If, and this is a big if, the Nationalists (SNP and Plaid Cymru)get a majority in their own parliaments, and in Westminster, and have had a referendum in which the majority of the voters vote for independence, and talks take place to initiate the seccession from the union, within the lifetime of the home parliament, and the UK government still will not let us go, then, and only then, should the thought of UDI be discussed.
    As to the talk of treason, I can't see where that would come into it when A.S. has made it clear that the Queen would still be head of state of an independent Scotland.

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  • 96. At 08:03am on 03 Jun 2009, Caledonian54 wrote:

    #95: Perfectly true; Scotland and England had the same monarch but separate governments between 1603 and 1707 - and very different concepts of monarchy - so treason doesn't come into it.

    As to this curious rumour of UDI which has sprung up from nowhere, again this is straightforward enough. The SNP is pledged to hold a referendum; if there was to be such a substantial increase in the number of SNP MPs at Westminster as is being optimistically hypothesised above, then such a result would be reflected in any referendum, ie; the Scottish people would vote for independence. Only if a Westminster was unprepared to accept the result of that referendum would it be necessary to contemplate UDI

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  • 97. At 08:45am on 03 Jun 2009, gedguy2 wrote:

    # 96 Caledonian54

    'As to this curious rumour of UDI which has sprung up from nowhere'

    Mea culpa. # 85 previous blog. R.E., in his usual style, twisted the posting out of all recognition from;

    'The supreme importance of the Westminster elections is the fear the Unionists have is that the Nationalists (mostly the SNP and Plaid Cymru) will end up having a workable majority in Scotland and Wales which can lead the Nationalists to declare UDI.'

    to:

    'But warming to hear you are considering drastic undemocratic measures now! Awesome.'

    So, there you have it.

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  • 98. At 08:56am on 03 Jun 2009, scot2010 wrote:

    #81 Neil_Small147
    I think it is extremely unlikely that the SNP/PC motion will succeed as I don't see there being a big enough revolt in the PLP. Nor do I think it was intended to succeed. It is more likely that it was moved to keep up the pressure on Brown. If it did succeed, the SNP is probably best placed to fight a quick General Election. We have the organisation and the activists to do so.

    As to who would do best in a July GE, the SNP did pretty well in Glasgow East last July. As I understand it, the best support was from "aspirational" wards, who are more likley to vote anyway. The election would likely have a lowish turnout, so will depend on who's vote turns out. A disillusioned Labour core vote may well stay home or vote for a party like the SSP.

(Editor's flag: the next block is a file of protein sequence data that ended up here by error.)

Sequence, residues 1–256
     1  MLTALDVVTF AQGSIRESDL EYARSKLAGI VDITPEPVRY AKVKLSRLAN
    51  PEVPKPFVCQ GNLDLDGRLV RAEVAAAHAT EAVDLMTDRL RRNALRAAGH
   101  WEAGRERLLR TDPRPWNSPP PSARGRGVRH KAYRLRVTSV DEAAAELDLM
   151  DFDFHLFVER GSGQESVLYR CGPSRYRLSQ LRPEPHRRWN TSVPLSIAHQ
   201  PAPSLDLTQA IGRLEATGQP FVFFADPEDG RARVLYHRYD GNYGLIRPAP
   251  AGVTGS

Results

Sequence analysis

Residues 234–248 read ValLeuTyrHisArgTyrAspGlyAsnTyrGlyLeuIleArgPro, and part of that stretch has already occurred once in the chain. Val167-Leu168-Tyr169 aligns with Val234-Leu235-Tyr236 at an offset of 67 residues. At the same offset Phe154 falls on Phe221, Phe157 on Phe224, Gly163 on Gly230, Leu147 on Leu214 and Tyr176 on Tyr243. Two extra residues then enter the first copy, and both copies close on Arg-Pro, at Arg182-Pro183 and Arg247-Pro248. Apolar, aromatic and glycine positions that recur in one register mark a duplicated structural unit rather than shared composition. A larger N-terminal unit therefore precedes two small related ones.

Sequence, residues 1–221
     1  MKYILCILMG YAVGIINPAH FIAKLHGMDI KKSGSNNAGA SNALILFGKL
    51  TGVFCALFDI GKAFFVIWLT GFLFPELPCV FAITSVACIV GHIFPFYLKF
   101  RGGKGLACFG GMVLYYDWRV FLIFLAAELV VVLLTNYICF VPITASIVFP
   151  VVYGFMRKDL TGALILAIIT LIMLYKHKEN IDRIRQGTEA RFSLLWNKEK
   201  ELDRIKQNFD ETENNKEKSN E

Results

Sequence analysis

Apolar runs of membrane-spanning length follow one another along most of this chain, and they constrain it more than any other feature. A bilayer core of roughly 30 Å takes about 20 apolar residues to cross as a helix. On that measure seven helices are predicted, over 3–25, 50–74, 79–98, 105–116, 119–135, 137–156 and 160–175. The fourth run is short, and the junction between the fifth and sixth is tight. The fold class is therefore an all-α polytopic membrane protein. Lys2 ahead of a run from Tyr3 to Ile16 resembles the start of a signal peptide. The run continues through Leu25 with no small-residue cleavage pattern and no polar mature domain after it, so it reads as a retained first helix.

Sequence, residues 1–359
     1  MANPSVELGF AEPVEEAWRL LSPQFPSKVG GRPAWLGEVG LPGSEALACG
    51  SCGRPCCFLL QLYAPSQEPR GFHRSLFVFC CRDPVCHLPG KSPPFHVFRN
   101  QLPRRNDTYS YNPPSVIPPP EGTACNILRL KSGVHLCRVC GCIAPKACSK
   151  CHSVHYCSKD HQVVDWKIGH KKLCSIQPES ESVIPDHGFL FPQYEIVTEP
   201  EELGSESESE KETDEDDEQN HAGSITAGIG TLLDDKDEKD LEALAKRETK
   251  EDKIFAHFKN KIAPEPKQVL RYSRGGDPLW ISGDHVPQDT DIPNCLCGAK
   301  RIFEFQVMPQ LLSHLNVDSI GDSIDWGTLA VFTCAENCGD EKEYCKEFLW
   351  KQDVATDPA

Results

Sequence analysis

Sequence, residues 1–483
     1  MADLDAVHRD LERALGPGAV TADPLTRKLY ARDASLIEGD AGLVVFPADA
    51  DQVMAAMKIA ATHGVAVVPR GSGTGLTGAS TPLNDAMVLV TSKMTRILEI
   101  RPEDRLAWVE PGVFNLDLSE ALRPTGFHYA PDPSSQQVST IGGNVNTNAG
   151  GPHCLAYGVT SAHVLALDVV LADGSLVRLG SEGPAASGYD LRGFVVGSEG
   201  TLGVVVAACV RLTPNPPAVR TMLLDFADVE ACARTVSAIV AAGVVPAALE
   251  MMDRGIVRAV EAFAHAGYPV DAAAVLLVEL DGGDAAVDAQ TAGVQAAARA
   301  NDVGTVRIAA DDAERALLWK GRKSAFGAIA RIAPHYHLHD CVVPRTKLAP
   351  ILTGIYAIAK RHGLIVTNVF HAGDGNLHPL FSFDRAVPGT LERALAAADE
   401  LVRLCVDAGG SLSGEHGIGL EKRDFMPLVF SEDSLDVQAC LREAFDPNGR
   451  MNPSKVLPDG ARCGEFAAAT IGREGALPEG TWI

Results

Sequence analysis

Labour's activist base in Scotland is poor, they were bussing in from England during the Glenrothes by. They used to rely on trade union resources to staff campaign rooms, but they have managed to alienate the unions, so not sure what support they will have from that sector. Oh, and they're skint too. Rich supporters are not inclined to throw money away on them when they are likely to get bad publicity from it (Paul Green, say).

    However, in a straight fight under first past the post, I don't see the SNP winning a majority of Scottish Westminster seats. The system is way too skewed in Labour's favour. However we would prob win the popular vote. We will consolidate our hold on the areas we have. We will take some "softer" seats in Ayrshire/Dumbartonshire/Lanarkshire/Lothian. AS's 20 seats definitely looks possible.

    With a likely Tory UK Govt and massive public debt, Scotland needs a party that will stand up for it, that is the SNP not the toothless, discredited Scottish (sic) Labour pussycat.

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  • 99. At 09:09am on 03 Jun 2009, scot2010 wrote:

    #78 Neil_Small147 & #93 BoNG0_1

    I too grew up in EK, left it in 93. I was also in the SNP there too for a number of years. I now live in Glasgow and I've had electoral addresses from all parties (incl. the BNP, which I shredded, just in case kids were around). all the addresses were delivered by the Royal Mail, so assume that the delivery was publicly funded. I'm positive all the major parties would have supplied leaflets and, as I take it there is still letter delivery in EK, I'm not sure why Neil did not get any. Perhaps, needs further investigation.

    BTW BoNG0_1 in the past, we managed to do manual leaflet deliveries across EK. Mind you I used to be fit then. All you needed were hiking boots and polar gear. Only if it was a nice day though!

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  • 100. At 09:28am on 03 Jun 2009, Fit Like wrote:

    #98 scot2010

    Personally, I'm not as confident of a Labour wipeout in Scotland at the next General Election as some posters on this site are.

    History tends to show us that, no matter how badly a Westminster Labour Government is doing, in Scotland, a Conservative government is seen as being so much worse (how it could be worse than the present bunch, I don't know but that's not the point).

    Anyway, come the General Election, you can pretty much guarantee that Labour will fall back on their old tack of a vote for any other party of than Labour, and especially a vote for the SNP is effectively a vote for the Conservatives by the back door.